Patient-reported Outcome Measures: A Stethoscope for the Patient History

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Excerpt

John Doe stands in the burn clinic waiting room, accompanied by his visibly concerned wife. He is pacing, unable to tolerate the pins and needles in his burned legs that occurs whenever he stands still. Just 3 months ago, John worked 2 jobs to support his family of 5, and there was barely enough money to get by. The factory fire caused burns to half his body. His wife is grateful that he survived and that he is now home. However, life has changed dramatically for both of them. Now they are facing the realities of getting by each day. Their lives are disrupted by financial woes and their future is unclear. John spends his days with therapists and his wife tends to his dressings and medications. They are looking to the doctor to explain what comes next, but the litany of symptoms and the magnitude of the disruption in their lives are difficult for them to verbalize. Their follow-up appointment is booked for 40 minutes. The burn surgeon comes in, asks in general how things are going, asks about pain, typing on the computer as he goes, trying to navigate the electronic medical record, and doing his best to complete the “meaningful use” documentation requirements. Then, he removes dressings, performs the examination, replaces dressings, discusses reconstructive options, reviews medications, obtains surgical consent, discusses scheduling of the next procedure and the visit is over. During the ride home, while they were reassured all was improving, John and his wife had more questions. How long will he have the pain? What can be done for his sleeplessness? They wonder when and if he can ever return to work. John's wife is concerned that he is not going out in public because of his visible scars and worries how this will affect his self-esteem.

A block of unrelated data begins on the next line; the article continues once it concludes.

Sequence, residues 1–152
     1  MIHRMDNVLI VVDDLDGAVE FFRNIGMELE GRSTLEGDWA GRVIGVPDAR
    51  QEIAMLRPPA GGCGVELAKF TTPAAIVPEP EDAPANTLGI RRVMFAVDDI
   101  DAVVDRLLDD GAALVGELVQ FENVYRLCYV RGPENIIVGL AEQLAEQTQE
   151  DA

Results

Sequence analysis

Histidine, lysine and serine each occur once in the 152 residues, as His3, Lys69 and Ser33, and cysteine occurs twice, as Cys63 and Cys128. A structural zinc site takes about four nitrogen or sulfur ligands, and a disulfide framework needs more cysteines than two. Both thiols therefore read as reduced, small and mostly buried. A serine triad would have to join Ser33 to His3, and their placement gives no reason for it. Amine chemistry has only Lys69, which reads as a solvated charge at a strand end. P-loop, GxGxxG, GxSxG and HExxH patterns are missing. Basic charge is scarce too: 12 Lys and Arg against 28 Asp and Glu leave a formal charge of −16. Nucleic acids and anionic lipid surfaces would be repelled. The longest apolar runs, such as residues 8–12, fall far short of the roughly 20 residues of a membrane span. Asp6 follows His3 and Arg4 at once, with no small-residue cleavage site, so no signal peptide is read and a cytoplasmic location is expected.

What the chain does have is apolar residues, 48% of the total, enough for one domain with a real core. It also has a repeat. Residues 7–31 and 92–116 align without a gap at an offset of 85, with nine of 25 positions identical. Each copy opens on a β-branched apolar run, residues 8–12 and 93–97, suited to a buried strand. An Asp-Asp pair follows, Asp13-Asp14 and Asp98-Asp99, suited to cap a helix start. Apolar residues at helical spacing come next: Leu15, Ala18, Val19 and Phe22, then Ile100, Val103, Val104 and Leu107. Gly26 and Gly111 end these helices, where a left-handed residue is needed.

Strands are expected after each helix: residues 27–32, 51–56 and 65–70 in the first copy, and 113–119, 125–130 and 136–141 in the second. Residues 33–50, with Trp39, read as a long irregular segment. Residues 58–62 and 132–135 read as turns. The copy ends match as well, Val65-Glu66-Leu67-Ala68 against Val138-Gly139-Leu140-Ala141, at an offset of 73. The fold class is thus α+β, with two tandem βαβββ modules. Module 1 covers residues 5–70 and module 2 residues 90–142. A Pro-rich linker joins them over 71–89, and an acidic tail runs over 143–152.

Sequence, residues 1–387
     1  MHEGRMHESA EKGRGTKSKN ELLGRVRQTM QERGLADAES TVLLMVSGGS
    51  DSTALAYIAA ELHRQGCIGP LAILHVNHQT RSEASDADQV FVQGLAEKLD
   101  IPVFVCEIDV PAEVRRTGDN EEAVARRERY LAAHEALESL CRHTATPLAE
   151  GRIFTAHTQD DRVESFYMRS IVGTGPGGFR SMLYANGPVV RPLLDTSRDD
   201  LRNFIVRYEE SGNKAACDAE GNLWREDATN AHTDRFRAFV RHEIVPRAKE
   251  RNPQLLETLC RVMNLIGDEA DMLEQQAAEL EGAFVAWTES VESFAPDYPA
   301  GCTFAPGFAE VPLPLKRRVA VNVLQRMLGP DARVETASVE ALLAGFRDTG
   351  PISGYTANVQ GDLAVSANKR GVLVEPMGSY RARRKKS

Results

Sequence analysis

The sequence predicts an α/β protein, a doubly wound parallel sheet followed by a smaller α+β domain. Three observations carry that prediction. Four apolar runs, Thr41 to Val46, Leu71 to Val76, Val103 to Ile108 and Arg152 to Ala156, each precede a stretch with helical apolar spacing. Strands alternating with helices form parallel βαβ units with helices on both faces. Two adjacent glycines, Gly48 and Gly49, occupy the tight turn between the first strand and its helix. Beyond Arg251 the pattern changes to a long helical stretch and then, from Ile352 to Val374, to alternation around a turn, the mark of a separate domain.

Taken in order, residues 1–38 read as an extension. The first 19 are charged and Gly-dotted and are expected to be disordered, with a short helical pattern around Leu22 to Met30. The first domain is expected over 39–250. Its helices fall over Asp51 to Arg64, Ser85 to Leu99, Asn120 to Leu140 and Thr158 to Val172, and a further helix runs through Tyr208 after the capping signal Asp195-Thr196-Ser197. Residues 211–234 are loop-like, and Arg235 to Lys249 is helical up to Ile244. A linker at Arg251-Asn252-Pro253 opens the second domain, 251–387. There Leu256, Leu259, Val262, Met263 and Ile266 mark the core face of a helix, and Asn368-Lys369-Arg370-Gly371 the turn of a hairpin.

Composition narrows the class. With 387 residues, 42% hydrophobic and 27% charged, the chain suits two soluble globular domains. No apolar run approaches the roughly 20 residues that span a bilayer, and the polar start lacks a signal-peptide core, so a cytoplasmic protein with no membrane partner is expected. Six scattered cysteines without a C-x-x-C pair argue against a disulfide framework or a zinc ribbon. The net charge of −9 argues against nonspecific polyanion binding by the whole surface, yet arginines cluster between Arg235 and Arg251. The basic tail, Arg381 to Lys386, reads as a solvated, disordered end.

Scenarios such as this are playing out in busy medical offices across the country every day, no matter if it is a burn survivor, a postoperative patient, a pregnant teen, a gentleman with chronic progressive rheumatoid arthritis, or a family struggling with a parent with early-onset dementia. In the era of value-based healthcare and quality improvement, despite best intentions, physicians face mounting administrative pressures in their daily workflows and the patients feel increasingly shortchanged. Patients may feel lost in a system that churns them in and out of waiting rooms and where their physicians are increasingly preoccupied with the administrative burden of clinical care. Questions are left unasked, anxieties unaddressed. In this taxed and pressured environment, how can we accommodate the need for standardization and efficiency without diminishing the humanity of patient encounters? The vision made in 1988 by Paul Ellwood was to see healthcare from the eyes of the patient. This early concept has been recently introduced into the health system as Ellwood imagined using patient-reported outcome measures (PROMs). 1 PROMs are powerful tools that can bridge the need for data-driven patient information while also strengthening the physician-patient connection. When maximized in clinical settings, PROMs can be leveraged to inform clinical decision making, to improve quality of care, and to foster communication between patients and providers. PROMs are a tool for patient-provider communication and have the potential to be as valuable to the clinical encounter as a stethoscope is to the physical examination. This article is a clarion call for physicians to implement PROMs into their practice and for researchers to study their potential value in the clinical setting.
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